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Title: Children in informal trading, Cusco, Peru
Author: Mackie, Peter Kelso
Awarding Body: Swansea University
Current Institution: Swansea University
Date of Award: 2007
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Children in informal trading have been the subject of only a limited amount of academic research, most of which considers the broader issues of child labour, informal trading or children's geographies. This thesis brings the fields of enquiry together and investigates the geography of children in informal trading. The study is set in Cusco, a city where children's involvement in the urban informal sector is particularly visible. It aims to identify the space-time patterns of children's work in informal trading, explore their working conditions, investigate children's experiences, examine the ways in which children and their consumers relate to each other during the act of exchange, and consider the policy and legal contexts of child trading in Cusco. A comprehensive multi methodological approach is pursued to meet the objectives, incorporating quantitative and qualitative techniques. The results suggest that children in informal trading occupy two marginal trading niches: the stall trader and the ambulant trader. Notably, children comprise a substantial proportion of ambulant traders across central Cusco. Whilst children are apparently 'disadvantaged traders', marginalised to less serviced locations, selling less profitable goods and at less desirable times, there appears to be a generalised hierarchy amongst children, reflecting their age, gender and origin. At the lower end of this hierarchy are younger children, girls and children of rural origin. In contrast to many of the findings which suggest that these children are marginalised, there is some evidence which implies children in informal trading exhibit a degree of agency, choosing to work, determining their prices, integrating work and play and enjoying their work. Finally, the thesis establishes that current international policies on child labour have a limited impact on child traders. It is argued that children's enjoyment of work and the many benefits they experience must be taken into account for policies to be truly beneficial to the world's children.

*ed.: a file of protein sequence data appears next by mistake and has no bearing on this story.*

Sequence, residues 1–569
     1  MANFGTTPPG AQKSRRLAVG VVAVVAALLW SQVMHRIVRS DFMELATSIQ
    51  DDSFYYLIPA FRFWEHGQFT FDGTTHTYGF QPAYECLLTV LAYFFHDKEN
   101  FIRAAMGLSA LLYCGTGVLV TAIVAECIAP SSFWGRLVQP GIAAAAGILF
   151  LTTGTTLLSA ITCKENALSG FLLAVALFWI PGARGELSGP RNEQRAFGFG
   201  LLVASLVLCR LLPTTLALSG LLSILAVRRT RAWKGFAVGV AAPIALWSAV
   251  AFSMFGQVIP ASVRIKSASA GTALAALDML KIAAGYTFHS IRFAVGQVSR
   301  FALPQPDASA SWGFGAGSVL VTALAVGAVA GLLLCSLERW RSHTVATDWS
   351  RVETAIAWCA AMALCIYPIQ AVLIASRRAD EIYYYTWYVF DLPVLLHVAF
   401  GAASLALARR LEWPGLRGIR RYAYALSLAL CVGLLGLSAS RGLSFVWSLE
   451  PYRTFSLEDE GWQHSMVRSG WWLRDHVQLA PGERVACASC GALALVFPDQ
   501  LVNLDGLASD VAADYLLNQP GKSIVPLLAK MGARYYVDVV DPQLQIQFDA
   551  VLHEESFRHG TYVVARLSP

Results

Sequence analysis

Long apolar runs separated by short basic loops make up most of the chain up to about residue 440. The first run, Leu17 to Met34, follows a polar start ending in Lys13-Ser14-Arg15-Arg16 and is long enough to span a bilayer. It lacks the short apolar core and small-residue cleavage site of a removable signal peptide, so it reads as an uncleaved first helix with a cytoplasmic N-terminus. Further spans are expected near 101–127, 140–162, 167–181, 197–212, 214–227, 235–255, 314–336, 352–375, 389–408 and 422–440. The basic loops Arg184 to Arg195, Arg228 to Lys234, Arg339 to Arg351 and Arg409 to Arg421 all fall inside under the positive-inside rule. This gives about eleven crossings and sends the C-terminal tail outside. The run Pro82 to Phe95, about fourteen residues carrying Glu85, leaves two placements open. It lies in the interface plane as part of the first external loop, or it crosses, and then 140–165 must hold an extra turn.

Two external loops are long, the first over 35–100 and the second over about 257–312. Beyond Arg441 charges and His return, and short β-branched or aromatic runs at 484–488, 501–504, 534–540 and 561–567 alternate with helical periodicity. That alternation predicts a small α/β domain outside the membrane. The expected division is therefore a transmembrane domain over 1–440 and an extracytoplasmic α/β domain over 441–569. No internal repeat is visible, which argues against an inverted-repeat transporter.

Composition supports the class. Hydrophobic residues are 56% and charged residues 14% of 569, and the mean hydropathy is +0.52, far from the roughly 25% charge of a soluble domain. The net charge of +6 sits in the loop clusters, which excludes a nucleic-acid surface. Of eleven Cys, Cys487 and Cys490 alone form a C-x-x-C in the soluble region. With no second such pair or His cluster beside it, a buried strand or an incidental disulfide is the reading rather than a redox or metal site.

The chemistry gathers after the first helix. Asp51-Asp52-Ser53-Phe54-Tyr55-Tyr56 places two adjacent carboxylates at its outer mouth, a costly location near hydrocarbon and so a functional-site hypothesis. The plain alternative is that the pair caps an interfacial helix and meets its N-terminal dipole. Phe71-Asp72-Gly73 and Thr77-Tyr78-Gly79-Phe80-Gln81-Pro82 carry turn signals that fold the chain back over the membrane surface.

Supervisor: Not available Sponsor: Not available
Qualification Name: Thesis (Ph.D.) Qualification Level: Doctoral
EThOS ID:  DOI: Not available